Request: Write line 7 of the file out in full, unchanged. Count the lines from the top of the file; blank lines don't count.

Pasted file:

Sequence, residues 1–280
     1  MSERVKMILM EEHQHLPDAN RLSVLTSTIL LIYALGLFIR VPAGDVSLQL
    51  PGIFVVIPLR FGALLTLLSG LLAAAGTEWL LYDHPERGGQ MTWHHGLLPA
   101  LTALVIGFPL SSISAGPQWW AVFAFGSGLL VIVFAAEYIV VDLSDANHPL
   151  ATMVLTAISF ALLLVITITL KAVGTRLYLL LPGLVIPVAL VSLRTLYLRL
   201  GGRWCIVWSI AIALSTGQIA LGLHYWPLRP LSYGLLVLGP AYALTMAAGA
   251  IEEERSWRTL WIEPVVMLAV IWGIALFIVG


   251  IEEERSWRTL WIEPVVMLAV IWGIALFIVG